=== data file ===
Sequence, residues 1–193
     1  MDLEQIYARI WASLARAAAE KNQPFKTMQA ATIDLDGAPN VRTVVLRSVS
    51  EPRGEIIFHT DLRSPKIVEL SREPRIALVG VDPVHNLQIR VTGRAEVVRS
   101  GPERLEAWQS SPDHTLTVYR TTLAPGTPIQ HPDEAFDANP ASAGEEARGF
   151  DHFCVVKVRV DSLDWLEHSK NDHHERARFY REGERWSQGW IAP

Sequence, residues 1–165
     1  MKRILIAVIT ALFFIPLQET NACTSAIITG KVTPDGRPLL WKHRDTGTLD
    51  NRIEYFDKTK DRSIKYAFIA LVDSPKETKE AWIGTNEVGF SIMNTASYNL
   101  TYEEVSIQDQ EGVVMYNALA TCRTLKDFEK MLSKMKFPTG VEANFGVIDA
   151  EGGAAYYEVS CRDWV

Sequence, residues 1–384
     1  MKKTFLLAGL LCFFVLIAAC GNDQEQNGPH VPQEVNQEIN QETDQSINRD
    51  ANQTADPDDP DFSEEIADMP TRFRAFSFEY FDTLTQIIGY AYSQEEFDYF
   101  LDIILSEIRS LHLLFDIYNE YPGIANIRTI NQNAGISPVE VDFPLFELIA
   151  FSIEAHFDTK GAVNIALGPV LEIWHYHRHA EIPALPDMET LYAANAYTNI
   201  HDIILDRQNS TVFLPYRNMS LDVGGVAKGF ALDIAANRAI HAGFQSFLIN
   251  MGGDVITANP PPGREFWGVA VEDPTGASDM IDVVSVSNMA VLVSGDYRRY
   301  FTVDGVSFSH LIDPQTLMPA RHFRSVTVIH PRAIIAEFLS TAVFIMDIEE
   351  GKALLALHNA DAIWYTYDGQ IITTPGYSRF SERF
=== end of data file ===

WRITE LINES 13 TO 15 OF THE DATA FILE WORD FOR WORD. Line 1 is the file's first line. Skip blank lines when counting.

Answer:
    51  ANQTADPDDP DFSEEIADMP TRFRAFSFEY FDTLTQIIGY AYSQEEFDYF
   101  LDIILSEIRS LHLLFDIYNE YPGIANIRTI NQNAGISPVE VDFPLFELIA
   151  FSIEAHFDTK GAVNIALGPV LEIWHYHRHA EIPALPDMET LYAANAYTNI